I'm not unsympathetic to him.

But a lot of people felt he needed to be hospitalized, and it's important for him to try to understand why they felt that way. That might help the whole experience to be viewed differently by him. It's not helpful for him to think he was "held captive" for 3 weeks--with his family's blessing--and treated for a non-existent bogus psychiatric condition, and given medication he didn't think he needed that he feels might have damaged his brain, just because the hospital wanted to make money off of him. He needs to try to understand why all of those people felt he needed that inpatient treatment, because his own version sounds pretty paranoid and possibly delusional.






ossobuco
 
  1  
Reply Sun 27 Jul, 2014 11:22 pm
@firefly,
Perhaps places have changed since I visited my father in the sixties. I still figure some patients are frightened, especially at non tip-top hospitals.
firefly
 
  1  
Reply Mon 28 Jul, 2014 12:08 am
@ossobuco,
Quote:
Perhaps places have changed since I visited my father in the sixties. I still figure some patients are frightened, especially at non tip-top hospitals.

Things have changed drastically since the 60's--mainly because medications and treatments have changed drastically.

In the 60's they were still doing insulin shock therapy, a great deal of ECT, and the medications weren't as effective, and had considerably more undesirable side effects, than the ones they use now.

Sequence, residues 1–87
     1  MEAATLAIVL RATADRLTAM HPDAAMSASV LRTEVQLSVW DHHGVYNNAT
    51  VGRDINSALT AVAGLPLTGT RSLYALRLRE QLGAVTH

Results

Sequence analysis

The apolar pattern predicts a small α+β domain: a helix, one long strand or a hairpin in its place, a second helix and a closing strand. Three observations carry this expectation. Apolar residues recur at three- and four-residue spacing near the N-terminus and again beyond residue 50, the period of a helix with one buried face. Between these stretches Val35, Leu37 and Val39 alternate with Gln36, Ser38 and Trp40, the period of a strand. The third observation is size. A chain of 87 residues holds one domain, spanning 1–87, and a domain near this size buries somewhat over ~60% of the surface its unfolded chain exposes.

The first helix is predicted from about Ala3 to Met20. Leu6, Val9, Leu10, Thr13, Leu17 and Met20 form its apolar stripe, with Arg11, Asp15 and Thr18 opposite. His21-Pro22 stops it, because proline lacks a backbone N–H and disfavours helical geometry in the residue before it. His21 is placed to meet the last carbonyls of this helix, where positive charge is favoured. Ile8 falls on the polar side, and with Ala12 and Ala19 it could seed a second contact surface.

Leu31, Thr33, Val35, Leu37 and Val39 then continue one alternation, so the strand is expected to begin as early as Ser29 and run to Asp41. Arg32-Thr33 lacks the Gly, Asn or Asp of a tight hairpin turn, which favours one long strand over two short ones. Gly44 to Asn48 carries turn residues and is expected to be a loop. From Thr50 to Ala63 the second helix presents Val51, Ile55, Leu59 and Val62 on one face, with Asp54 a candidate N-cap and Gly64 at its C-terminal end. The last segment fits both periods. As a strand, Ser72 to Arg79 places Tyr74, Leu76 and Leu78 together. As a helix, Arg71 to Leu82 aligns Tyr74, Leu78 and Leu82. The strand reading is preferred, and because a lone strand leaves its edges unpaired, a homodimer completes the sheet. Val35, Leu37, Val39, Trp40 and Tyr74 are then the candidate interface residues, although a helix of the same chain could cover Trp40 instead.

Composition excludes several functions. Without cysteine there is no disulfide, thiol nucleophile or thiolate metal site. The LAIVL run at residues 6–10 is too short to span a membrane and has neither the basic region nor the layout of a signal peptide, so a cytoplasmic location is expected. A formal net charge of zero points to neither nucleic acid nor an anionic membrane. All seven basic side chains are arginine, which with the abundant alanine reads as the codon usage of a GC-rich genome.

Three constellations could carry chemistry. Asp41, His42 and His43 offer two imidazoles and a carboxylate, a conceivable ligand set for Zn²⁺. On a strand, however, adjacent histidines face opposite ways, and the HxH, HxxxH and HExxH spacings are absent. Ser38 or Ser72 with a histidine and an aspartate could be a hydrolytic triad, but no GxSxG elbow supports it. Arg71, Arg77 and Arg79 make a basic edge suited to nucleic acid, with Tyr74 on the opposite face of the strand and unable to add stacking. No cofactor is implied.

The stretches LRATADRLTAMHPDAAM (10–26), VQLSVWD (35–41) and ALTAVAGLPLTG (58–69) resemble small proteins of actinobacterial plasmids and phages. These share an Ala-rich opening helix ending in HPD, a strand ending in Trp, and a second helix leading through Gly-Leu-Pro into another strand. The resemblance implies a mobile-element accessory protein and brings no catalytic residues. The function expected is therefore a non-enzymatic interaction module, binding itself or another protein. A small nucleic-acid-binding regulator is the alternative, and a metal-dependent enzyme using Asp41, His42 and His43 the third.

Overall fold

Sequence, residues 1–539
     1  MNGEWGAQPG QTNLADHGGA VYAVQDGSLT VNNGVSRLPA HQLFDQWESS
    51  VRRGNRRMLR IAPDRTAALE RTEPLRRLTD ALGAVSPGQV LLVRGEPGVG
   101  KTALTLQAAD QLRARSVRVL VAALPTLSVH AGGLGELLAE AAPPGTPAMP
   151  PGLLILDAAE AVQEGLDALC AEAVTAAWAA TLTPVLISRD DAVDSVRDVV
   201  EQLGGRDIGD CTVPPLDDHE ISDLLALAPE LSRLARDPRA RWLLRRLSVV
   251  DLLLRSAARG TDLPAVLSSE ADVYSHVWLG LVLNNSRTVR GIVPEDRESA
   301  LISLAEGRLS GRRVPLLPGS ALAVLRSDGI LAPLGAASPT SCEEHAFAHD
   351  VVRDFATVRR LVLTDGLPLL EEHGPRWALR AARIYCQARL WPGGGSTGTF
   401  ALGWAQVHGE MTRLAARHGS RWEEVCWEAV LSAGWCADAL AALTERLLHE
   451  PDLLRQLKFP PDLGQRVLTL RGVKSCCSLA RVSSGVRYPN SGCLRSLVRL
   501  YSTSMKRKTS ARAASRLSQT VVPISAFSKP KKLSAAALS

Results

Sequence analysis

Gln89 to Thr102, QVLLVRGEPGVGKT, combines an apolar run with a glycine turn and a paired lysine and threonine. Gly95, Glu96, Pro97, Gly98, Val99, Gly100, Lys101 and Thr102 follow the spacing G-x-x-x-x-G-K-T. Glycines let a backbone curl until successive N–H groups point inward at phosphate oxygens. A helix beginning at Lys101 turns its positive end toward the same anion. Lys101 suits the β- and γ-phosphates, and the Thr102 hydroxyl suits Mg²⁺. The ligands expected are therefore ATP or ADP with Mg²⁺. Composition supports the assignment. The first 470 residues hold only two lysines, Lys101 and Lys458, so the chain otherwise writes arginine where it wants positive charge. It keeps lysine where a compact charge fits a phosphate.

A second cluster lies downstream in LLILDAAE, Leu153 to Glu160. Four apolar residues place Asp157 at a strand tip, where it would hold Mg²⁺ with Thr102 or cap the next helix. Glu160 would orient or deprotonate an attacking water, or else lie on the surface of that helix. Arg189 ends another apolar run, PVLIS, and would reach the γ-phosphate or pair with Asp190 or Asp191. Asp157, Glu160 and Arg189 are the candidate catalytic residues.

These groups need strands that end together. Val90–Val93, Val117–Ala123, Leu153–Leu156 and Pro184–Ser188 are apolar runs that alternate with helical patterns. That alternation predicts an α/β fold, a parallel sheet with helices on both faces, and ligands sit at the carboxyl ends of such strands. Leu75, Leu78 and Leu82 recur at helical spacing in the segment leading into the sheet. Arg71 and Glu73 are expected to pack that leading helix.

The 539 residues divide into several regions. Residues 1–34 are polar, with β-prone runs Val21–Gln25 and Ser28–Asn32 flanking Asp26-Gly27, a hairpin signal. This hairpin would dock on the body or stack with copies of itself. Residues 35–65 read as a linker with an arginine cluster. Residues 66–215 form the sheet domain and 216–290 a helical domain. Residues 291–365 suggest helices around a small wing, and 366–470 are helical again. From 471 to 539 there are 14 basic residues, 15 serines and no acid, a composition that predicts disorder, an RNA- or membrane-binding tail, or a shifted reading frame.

Now they can get most patients stabilized on meds pretty quickly, and get them out of the hospital pretty quickly--that alone makes a big difference. And they use things like music therapy, art therapy, etc. to help patients deal with fears in ways other than just talking about them.

I'm sure that some patients are still frightened the first time they are hospitalized, but I think they get a lot more support and help in dealing with that now. Hospitals now must document that they are actively, and continuously, delivering care to meet specific treatment goals--they have to have a treatment plan with both short and long term goals--and a treatment team has to evaluate it at least weekly. So patients get a lot more attention, and interaction with staff, than was the case in the 60's, because the hospital is held more accountable in terms of providing service, and the emphasis is on getting patients discharged ASAP.
0 Replies
 
hawkeye10
 
  0  
Reply Mon 28 Jul, 2014 12:16 am


"what do they want you to do?.....Do it, do what ever they say"
0 Replies
 
Romeo Fabulini
 
  1  
Reply Mon 28 Jul, 2014 07:07 am
I'm sure the law states that a person can only be detained and medicated in psychiatric hospitals if they're a danger to themselves and to others, which seems fair enough to me.